Sitio Remedios is a heritage village resort that sits along the shoreline of Currimao in Ilocos Norte, Philippines. Made from vintage bricks and wood from a number of old houses in the northern province, the village is a reminder of Ilocos Norte’s and the country’s colorful past.

Right at the center of Sitio Remedios is the Nuestra SeƱora de los Remedios, a quaint chapel built in honor of the Lady of Good Voyage. It faces a grand plaza and sits near an imposing statue of St. Michael the Archangel, the town’s patron saint. St. Michael has his own plaza and it goes all the way to the art gallery where Sitio’s voluminous art collection is housed.

Sitio’s symbolism touches on so many layers – that of Philippine history, its colonial masters, the tradition of fisherfolk who, for centuries, have made their living out of the sea, and of the proprietor’s love for art and for his dear mother Remedios. The importance of religion in the socio-cultural fabric of Filipino society is showcased prominently at Sitio Remedios. Aside from the chapel, the statue of the Archangel Michael, and the offering area, the homes inside the heritage village also have several pieces dedicated to saints and religious figures.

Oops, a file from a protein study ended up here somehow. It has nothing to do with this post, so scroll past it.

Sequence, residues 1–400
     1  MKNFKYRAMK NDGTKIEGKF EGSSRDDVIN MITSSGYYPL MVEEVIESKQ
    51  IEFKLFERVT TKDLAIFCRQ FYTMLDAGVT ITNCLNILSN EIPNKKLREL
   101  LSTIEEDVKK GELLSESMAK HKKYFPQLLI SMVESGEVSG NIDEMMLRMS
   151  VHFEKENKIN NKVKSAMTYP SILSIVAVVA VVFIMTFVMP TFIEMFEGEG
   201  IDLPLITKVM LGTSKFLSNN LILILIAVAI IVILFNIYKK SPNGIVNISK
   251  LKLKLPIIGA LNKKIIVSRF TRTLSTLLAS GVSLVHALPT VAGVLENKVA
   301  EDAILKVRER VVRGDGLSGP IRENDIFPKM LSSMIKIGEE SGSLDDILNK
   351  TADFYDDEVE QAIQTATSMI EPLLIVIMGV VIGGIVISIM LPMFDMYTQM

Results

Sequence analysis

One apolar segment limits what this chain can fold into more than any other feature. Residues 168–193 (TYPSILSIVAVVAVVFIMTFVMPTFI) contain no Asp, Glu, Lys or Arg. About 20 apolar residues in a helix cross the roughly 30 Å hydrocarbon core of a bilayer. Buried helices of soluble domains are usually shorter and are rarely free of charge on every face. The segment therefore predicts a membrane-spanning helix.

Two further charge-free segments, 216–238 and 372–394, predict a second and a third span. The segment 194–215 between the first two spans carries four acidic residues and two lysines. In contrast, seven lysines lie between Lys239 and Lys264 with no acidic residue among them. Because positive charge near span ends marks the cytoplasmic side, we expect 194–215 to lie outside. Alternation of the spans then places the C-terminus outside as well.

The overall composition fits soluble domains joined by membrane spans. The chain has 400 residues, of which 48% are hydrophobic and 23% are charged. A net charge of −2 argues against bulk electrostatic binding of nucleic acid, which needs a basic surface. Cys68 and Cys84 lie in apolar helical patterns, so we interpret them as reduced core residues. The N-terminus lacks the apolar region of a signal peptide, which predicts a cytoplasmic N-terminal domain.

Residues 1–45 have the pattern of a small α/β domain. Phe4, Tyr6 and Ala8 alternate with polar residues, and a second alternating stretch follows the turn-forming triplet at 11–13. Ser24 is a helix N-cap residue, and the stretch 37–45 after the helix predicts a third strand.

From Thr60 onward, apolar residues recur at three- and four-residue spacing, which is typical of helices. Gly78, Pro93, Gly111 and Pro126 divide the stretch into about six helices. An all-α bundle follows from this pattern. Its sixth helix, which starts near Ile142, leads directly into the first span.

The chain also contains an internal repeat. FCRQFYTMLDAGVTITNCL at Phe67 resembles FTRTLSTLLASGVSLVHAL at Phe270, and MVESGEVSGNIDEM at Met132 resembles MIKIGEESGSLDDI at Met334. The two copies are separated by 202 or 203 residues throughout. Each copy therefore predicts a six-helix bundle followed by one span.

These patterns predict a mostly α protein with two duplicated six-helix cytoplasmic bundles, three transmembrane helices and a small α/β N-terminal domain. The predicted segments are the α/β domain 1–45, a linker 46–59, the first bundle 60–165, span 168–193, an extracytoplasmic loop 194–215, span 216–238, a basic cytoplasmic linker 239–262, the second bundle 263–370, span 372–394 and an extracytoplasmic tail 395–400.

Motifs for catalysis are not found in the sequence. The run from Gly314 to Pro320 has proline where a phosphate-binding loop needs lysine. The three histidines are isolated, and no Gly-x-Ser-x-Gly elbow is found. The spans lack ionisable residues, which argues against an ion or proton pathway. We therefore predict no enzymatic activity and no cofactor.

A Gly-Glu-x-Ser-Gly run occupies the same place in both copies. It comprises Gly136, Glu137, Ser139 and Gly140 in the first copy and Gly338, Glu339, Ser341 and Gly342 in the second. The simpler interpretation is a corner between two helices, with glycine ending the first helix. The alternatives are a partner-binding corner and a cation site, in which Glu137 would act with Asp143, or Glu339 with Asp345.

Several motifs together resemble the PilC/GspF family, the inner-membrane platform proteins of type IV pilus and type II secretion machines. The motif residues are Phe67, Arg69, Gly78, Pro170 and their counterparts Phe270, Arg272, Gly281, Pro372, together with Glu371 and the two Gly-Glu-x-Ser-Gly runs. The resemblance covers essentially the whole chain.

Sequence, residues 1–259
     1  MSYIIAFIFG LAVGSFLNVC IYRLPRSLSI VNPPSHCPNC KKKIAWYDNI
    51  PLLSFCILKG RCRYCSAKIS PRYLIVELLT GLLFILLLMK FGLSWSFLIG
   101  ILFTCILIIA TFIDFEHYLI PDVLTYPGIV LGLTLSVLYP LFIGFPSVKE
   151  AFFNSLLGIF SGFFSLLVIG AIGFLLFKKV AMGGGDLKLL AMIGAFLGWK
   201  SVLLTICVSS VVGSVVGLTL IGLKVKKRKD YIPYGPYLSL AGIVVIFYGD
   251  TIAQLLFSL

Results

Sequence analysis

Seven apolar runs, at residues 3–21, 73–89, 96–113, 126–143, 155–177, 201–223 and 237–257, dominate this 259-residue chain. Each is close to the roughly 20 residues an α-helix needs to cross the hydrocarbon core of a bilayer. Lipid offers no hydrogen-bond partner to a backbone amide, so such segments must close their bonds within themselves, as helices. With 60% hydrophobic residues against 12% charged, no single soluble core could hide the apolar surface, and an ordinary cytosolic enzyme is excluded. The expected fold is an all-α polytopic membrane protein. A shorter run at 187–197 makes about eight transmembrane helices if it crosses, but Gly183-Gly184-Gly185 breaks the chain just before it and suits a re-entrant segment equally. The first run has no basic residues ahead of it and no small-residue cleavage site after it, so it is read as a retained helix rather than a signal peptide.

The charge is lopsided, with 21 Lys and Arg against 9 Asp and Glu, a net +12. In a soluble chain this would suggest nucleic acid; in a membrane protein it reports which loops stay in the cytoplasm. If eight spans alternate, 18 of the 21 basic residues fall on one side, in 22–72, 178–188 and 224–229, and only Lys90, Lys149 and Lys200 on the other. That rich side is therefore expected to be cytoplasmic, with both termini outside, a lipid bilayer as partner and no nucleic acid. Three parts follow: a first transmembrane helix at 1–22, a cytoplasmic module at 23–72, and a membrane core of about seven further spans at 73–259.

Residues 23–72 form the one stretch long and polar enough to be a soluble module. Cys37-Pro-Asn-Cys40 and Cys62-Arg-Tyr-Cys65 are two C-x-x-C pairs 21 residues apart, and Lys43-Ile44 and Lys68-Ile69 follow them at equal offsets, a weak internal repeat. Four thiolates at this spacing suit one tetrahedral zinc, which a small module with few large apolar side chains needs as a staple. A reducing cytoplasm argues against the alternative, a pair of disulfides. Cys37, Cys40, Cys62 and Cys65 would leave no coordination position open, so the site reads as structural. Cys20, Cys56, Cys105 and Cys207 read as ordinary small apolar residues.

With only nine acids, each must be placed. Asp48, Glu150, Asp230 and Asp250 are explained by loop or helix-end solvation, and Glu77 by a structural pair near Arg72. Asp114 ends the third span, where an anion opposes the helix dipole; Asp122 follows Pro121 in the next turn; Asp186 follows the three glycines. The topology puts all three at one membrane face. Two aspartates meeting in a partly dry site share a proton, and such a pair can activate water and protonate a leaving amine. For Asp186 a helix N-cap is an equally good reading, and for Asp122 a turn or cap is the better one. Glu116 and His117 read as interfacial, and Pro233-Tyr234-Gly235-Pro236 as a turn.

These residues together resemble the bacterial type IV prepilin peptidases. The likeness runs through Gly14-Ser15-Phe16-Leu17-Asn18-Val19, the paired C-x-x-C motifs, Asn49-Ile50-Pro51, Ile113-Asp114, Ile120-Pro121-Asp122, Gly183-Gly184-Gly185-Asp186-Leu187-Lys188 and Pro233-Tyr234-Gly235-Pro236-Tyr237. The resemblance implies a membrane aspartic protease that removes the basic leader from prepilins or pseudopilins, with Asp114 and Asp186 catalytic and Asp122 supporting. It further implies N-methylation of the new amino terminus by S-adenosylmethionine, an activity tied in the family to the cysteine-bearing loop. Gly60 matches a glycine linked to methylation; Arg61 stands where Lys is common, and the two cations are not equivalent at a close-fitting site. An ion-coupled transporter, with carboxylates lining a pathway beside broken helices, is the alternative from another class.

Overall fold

Sitio Remedios is a typical Spanish village with its quadricula. The houses have a beautiful view of Plaza Manzanilla and several pockets of greenery. The plants in these gardens were meticulously chosen and planted around old trees.

Sitio Remedios is known for its tranquil surroundings, with the waves crashing on the shores as the most prominent sound one can hear at night. While it is reminiscent of old world genteelness, it is also an ode to all the struggles of Ilocanos and to their triumphs.

All the villas inside Sitio Remedios are furnished with exquisite Ilocano furniture and bed covers are made out of the traditional weave. Every little detail tells a story. Some of the paintings that hang on the walls of these houses showcase the Ilocanos’ shared history while others tells several stories about the proprietor and his family.

The 18,000-square meter property is witness to a number of events but much like Currimao’s patron saint St. Michael, it stands guard with the fortitude of an experienced warrior.

Photo by Angelie Maranan Banaag